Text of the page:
Michigan is already a state known for wine and beer, but what about spirits? There are several distilleries located throughout the state, and more popping up by the day. One of the newest distilleries to open in Michigan is Two Birds Artisan Spirits. Those who attended the Sip of Michigan event this summer were lucky enough to get a chance to taste their amazing Greyling Gin. And we were lucky enough to have a Q&A session with Ryan and Nate, the founders of Two Birds, to find out how they got started and see what we can expect from them in the future.

How did you and Ryan get started with distilling?
Ryan is a winemaker and a brewer. I’m interested in cider making.  We’re very good friends and we both really like classic gin cocktails and the idea that we can use our skill sets to make the gin that we want to drink. Making spirits also provides us the ability to directly support local farmers.

Are you opening a distillery? Where will it be located? Is it open to visitors?
We will open a distillery eventually. Right now, though, we’re still very small and we need to focus primarily on production and marketing. Once we establish a market, we’ll see to it that our supporters have access to our facility and process.

Why did you decide to release a gin as your first offering?
Gin is the spirit that really excites us right now and it’s one that requires a lot of creativity, both in terms of its development and marketing.  We are doing it for practical reasons, too. Gin can be produced relatively quickly and it requires less capital investment than other spirits, making it a good place to start. If we were to make, say, a whiskey, we’d need to experiment with, and invest in, barrels for aging. We’d then need to age the spirit, which would prevent us from realizing a profit quickly.

What makes it different from other gins out there on the market?
Gins tend to fall into one of two camps. They are either very juniper forward, which is celebrated by hardcore gin fans, or, as is the case with many contemporary gins, the juniper is played down and heavily influenced by other often softer botanicals. We developed Greyling to bridge those two paradigms. With Greyling you get a gin that tastes of juniper, is complimented by citrus, and balanced by Michigan grown, culinary grade lavender.  We opted for a less is more approach and limited our list of botanicals. Too many botanicals and gin can seem overworked.  Our intent is to nuance rather than overpower the juniper berries.

Do you plan to make other spirits as well? What are your plans for the future?
We plan on adding products as we can. Right now, though, we want to remain focused on establishing Greyling throughout the Upper Midwest and in the Mid-Atlantic region.  We have a couple of concepts in their design phase.  I am incredibly enthused about making other gins that use interesting and innovative botanicals.  Ryan is interested in brown spirits and liqueurs. He currently makes a number of liqueurs that are really great that we’d like to produce seasonally on a much larger scale.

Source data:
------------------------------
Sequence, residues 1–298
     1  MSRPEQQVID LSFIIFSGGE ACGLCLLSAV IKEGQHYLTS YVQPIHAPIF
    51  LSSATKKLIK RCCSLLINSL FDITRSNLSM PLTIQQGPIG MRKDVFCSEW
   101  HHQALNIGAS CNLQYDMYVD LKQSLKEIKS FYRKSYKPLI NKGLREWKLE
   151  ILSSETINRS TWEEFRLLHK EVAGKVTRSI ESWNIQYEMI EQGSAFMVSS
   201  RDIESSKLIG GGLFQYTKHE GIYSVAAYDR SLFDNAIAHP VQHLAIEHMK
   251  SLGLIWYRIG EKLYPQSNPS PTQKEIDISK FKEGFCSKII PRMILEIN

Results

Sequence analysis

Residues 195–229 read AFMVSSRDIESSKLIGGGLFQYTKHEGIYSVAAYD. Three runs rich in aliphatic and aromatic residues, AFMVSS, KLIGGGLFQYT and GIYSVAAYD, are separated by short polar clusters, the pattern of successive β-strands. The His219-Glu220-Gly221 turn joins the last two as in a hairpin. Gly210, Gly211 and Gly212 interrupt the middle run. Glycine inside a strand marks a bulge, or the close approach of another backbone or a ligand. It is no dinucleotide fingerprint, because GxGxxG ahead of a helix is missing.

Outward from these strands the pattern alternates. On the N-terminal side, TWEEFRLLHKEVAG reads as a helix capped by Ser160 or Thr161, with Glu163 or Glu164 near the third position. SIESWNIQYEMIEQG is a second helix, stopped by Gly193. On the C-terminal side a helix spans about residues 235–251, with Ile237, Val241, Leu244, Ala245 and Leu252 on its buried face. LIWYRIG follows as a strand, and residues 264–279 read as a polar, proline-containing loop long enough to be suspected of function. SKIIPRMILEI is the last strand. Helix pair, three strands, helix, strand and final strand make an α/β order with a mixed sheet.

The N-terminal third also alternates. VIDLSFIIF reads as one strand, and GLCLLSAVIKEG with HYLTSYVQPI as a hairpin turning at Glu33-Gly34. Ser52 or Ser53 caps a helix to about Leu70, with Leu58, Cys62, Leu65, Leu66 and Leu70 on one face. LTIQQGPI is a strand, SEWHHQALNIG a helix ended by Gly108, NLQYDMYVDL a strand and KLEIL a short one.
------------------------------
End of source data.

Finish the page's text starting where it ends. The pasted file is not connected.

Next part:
Why did you decide to make these spirits in Michigan?
Michigan is a great place to start a distillery.  The State’s laws do a lot to encourage distilling.  Plus, Ryan and I are both Michiganders and we want to see the economic situation in Michigan improve. Distilleries are a great way to encourage job creation. We see distilling as being very much an agricultural activity. All of our products will incorporate as many Michigan produced ingredients as possible.

Greyling gin will be carried by Salut Fine Wine & Spirits, Food Dance, Bacchus Wine and Spirits, Fandango Tapas, Bravo!, and the Millennium Restaurant Group in Kalamazoo.  In Grand Rapids, it will be available for purchase at Martha’s Vineyard, The Bob, and Bistro Bella Vita.  Greyling gin is sold online at www.internetwines.com.

Nathan Jonjevic was raised on a blueberry farm in Southwestern Michigan.  He worked for a number of years in Chicago as an architectural conservator.  Nathan lives in Kansas City, MO with his wife, PaKou and his daughters Lola and Felan, where he manages a small company that provides laser systems for industrial surface preparation and coating removal applications.

Ryan Bailey first became interested in creating hand-crafted spirits through his involvement in home wine, beer and liqueur making. In addition to his passion for fermenting and distilling, Ryan also teaches high school literature and composition, coaches tennis, and co-facilitates anti-racism workshops. He makes his home in Kalamazoo, MI with his wife Joy.